Hilda Kendall, chief operating officer at The Community Pantry in Gallup, New Mexico, remembers a time when many people in Gallup had a garden growing in their backyards. “You don’t see too much of that anymore,” she said.
The late Jim Harlin, who helped found The Community Pantry — a nonprofit organization that provides food and nutrition programs for people in northwestern New Mexico — wanted to change that.
“It was his dream to teach people how to grow their food as they had in the past years,” Kendall said.
Because many of The Community Pantry’s clients live in apartments or low-income housing without space for gardening, Harlin wanted to create gardens at The Community Pantry where people could grow their own healthy food and share it with their families.
Harlin’s dream became a reality with The Community Pantry’s Hope Garden, which offers onsite gardening areas that community members can use to cultivate and harvest produce. The Community Pantry also utilizes the Hope Garden to grow fruits and vegetables, providing clients with affordable access to fresh, organic produce, such as apples, carrots, tomatoes and leafy greens.
A primary goal of The Community Pantry’s gardening efforts is to encourage healthy eating for people in Gallup and throughout McKinley County. Of all counties in New Mexico, McKinley County has the highest rate of food insecurity, according to Feeding America’s 2017 Map the Meal Gap report. Alice Perez, executive director of The Community Pantry, said that the area is also considered a food desert because the soil presents significant challenges in growing.
To support The Community Pantry’s nutritional programming, Blue Cross and Blue Shield of New Mexico (BCBSNM) awarded a $40,000 grant in 2017 to their Growing a Greener World project, which helps educate clients on gardening and healthy eating.
“The Growing a Greener World project is to get people back to the basics of growing their own produce and teaching the next generation to do so, which helps combat the existing epidemic of diabetes in this area,” said Perez.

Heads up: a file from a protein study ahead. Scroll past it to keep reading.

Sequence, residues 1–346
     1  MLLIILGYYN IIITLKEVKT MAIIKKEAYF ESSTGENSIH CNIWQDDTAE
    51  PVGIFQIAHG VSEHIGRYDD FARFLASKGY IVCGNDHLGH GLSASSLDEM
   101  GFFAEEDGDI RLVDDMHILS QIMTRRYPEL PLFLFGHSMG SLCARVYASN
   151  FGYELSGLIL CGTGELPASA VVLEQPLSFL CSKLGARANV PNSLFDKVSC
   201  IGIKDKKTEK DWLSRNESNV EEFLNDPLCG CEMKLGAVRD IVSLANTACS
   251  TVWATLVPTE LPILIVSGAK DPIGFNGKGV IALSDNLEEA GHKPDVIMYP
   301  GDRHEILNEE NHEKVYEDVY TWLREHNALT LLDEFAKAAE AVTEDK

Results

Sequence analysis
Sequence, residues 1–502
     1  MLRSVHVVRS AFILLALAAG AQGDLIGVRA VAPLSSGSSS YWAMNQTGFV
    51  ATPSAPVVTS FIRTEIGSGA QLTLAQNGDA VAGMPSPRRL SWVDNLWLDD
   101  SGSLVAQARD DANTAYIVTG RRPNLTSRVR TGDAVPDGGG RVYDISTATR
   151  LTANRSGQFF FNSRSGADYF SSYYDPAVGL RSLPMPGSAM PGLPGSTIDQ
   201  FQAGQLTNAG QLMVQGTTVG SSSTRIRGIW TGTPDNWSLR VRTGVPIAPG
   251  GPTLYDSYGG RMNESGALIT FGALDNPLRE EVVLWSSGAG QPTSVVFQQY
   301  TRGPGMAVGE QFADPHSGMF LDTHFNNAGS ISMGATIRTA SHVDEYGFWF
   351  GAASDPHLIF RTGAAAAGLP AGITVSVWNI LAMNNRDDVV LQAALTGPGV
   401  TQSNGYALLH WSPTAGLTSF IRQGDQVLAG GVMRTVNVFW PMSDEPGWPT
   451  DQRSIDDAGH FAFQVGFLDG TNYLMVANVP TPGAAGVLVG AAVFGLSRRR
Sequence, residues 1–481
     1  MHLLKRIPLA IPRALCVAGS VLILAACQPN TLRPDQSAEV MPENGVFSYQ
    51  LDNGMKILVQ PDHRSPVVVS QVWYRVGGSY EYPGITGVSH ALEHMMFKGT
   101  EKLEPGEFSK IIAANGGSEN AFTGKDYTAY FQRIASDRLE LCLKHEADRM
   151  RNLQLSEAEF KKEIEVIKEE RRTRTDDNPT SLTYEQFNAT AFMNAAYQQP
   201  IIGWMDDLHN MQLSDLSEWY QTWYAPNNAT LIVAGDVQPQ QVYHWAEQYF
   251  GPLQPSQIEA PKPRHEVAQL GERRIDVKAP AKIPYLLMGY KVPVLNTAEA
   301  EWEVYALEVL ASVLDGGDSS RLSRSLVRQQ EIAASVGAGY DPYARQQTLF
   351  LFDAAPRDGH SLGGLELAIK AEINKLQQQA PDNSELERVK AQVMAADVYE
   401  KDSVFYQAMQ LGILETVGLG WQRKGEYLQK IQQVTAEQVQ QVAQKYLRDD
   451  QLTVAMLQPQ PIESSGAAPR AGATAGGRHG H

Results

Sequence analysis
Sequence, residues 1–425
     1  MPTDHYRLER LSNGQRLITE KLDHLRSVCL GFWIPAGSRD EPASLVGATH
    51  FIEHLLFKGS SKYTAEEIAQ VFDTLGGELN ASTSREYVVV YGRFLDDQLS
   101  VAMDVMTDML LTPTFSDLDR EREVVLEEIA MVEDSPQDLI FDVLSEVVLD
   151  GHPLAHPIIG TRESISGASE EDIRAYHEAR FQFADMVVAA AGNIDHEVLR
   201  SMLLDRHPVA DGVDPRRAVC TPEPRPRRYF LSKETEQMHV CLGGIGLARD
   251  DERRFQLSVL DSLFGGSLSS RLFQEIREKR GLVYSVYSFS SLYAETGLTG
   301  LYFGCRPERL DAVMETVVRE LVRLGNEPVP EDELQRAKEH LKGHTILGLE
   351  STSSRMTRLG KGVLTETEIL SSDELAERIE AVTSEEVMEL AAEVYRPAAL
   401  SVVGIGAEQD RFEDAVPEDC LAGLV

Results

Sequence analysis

The Community Pantry provides community members with education in growing, harvesting and preparing food. Perez explained that having the gardens encourages participants to be creative and experiment with nontraditional foods for the area. And some community gardeners have been so successful that they’ve been able to give their excess produce away or sell it at the farmer’s market.
In addition to helping them expand their community outreach efforts, the BCBSNM grant has allowed The Community Pantry to buy new seeds and introduce a new growing technique using hay bales, which requires less maintenance and results in a higher yield of vegetables.
Through a variety of programs, The Community Pantry helps 3,000 families every month and distributes more than two million pounds of food annually.
Many community members shared how The Community Pantry has impacted their lives. Bambee Sarracino said that she depends on The Community Pantry for fresh produce. Without The Community Pantry, Felissa Kelly said that her children wouldn’t be eating as healthy. Sam Epaloose Jr. brings his 89-year-old mother to The Community Pantry to pick up food. “It helps her a lot,” Epaloose said.
“We are called The Community Pantry for a reason,” said Perez. “We are here for the entire community.”
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